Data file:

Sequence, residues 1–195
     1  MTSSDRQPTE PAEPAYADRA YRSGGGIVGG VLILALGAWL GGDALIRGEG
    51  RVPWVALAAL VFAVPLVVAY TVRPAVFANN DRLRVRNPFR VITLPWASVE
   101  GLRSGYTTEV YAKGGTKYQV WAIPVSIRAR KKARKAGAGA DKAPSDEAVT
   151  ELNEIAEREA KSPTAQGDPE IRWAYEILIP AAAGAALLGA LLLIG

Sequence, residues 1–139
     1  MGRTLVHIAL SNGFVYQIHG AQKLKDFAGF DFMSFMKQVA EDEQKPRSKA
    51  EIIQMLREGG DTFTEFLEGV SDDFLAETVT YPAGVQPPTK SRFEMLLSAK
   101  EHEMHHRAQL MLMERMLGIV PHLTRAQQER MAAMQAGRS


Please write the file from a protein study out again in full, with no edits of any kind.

Sequence, residues 1–195
     1  MTSSDRQPTE PAEPAYADRA YRSGGGIVGG VLILALGAWL GGDALIRGEG
    51  RVPWVALAAL VFAVPLVVAY TVRPAVFANN DRLRVRNPFR VITLPWASVE
   101  GLRSGYTTEV YAKGGTKYQV WAIPVSIRAR KKARKAGAGA DKAPSDEAVT
   151  ELNEIAEREA KSPTAQGDPE IRWAYEILIP AAAGAALLGA LLLIG

Sequence, residues 1–139
     1  MGRTLVHIAL SNGFVYQIHG AQKLKDFAGF DFMSFMKQVA EDEQKPRSKA
    51  EIIQMLREGG DTFTEFLEGV SDDFLAETVT YPAGVQPPTK SRFEMLLSAK
   101  EHEMHHRAQL MLMERMLGIV PHLTRAQQER MAAMQAGRS